Northern Ireland's strange peace
: Sandy Boyer -- July
Rioting in north Belfast in July
THERE IS an establishment myth that there is peace in Northern Ireland.
The conflict was proclaimed over in 1998. The Irish Republican Army
(IRA) abandoned its war, and the British and Irish governments and
Northern Ireland political parties signed the Good Friday Agreement. It
established a local government, including both Catholic and Protestant
Since 2006, Sinn Fein, which used to be described as the political wing
of the IRA, and Ian Paisley's Democratic Unionist Party have
collaborated in a Northern Ireland Executive with limited power.
Yet today, there are daily attacks on the security forces--the police,
British army and even the British intelligence service MI5. Some are
carried out by so-called "dissident" Republicans who are still fighting
to end British rule. Others involve young people throwing rocks or
bottles at the police.
Conflicts between Catholic and Protestant working-class people have only
gotten worse. Protestant and Catholic young people are clashing
regularly at the interfaces between their neighborhoods.
Families--mainly, but not exclusively Catholic--are being burned out of
In mid-July, there were three days of rioting throughout Northern
Ireland. Police have been hit with gasoline bombs, bricks and concrete
blocks. Shots have been fired at the police and bombs thrown at police
stations. At the same time, Protestant and Catholic teenagers have
pelted each other with rocks and bottles.
Still, the majority of people in both communities at least passively
support the Good Friday Agreement. While the turnout was down for the
recent election for the British parliament, the vast majority of
Catholics voted for a nationalist party (Sinn Fein or the Social
Democratic and Labour Party) and the vast majority of Protestants for a
unionist party (the Democratic Unionist Party or the Ulster Unionist
But substantial minorities in both communities are alienated from the
political status quo.
Republicans thought they fought a war to drive Britain out of Ireland
once and for all. Instead, Sinn Fein is, in the words of one of its
elected officials, "enforcing British rule in Ireland." Many people are
infuriated that Sinn Fein is asking Catholics to join the hated local
Ian Paisley told Protestants that the IRA and Sinn Fein were going to be
decisively and permanently defeated. Instead, the Democratic Unionist
Party is in government with Sinn Fein. Martin McGuiness, one of the
IRA's leading commanders, was the Deputy First Minister of Northern
Ireland to Paisley's First Minister. Unionists were horrified to see
Paisley and McGuiness smiling and joking--so much so that they became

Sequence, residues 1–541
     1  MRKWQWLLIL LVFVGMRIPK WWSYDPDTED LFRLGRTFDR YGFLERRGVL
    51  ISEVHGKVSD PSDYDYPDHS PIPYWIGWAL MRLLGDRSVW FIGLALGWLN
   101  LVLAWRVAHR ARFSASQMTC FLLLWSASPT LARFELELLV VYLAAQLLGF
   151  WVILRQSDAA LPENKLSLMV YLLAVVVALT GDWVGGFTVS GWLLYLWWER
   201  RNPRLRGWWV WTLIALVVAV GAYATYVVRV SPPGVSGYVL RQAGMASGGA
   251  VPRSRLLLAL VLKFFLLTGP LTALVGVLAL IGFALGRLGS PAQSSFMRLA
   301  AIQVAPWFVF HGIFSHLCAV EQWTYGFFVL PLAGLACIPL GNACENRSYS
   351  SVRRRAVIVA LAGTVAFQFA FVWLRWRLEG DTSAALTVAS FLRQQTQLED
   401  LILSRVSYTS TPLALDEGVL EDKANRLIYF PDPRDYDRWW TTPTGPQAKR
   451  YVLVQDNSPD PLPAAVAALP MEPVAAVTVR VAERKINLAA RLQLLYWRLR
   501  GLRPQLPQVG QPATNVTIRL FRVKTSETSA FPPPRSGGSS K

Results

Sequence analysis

known as "the chuckle brothers."
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UNDERLYING THIS alienation is poverty and deprivation in both working
-- Every winter, more than 1,000 people die in Northern Ireland
because they can't afford fuel to heat their homes, and half of
Northern Ireland families live in fuel poverty.
-- Twenty percent of Northern Ireland families are persistently
poor, while 22 percent of children are growing up in poverty.
-- Thirty one percent of the working-age population has no paid
-- The top 25 percent of Northern Ireland families receives 52
percent of the income while the bottom 25 percent gets only 8%.
But worse is coming. The British government is slashing Northern
Ireland's budget by £521 million (approximately $781 million). This
represents nearly 5 percent of the total budget. The British government
dictates the total size of the Northern Ireland budget. Then it lets the
Northern Ireland political parties decide how to divide it up.
These cuts are especially serious in Northern Ireland because more than
30 percent of the workforce is public employees. Many other jobs depend
on government funding.
What is needed is a movement that unites Protestant and Catholic working
people to fight the cuts. It's very unlikely that any of the
establishment parties will work to build that movement. Until now, they
have all accepted budget cuts and tried to lessen the impact on their
own Catholic or Protestant community as much as possible.
In the current round of looming cuts, the Democratic Unionist Party has
already said that there are "bound to be" government job cuts. Sinn Fein
has announced that old age pensioners will lose free prescriptions and
The People Before Profit Alliance is trying to build a united working
class movement. In Derry, Northern Ireland's second largest city, the
alliance has, at times, been able to bring Catholics and Protestants
together to fight program closings. Eamonn McCann, who was the People
Before Profit candidate in the recent parliamentary elections, says:
With People Before Profit, you get what it says on the label. Our
program is based entirely on raising the interests of the people
left behind by the peace process above the interests of the
profiteers who dominate our society.
Both Unionist and Nationalist parties accept the communal divide as
the axis of politics. In fact, they are products of the divide. But
none of them pursue policies to advance the position of people at
the bottom of either community.
Of course, an Irish working class movement can't be built in the North
alone. People Before Profit is organizing throughout the country and has
already elected five councilors in the south of Ireland. There is no
guarantee that it will succeed. But anything else will be a disaster for
Irish working people--Protestant and Catholic, North and South.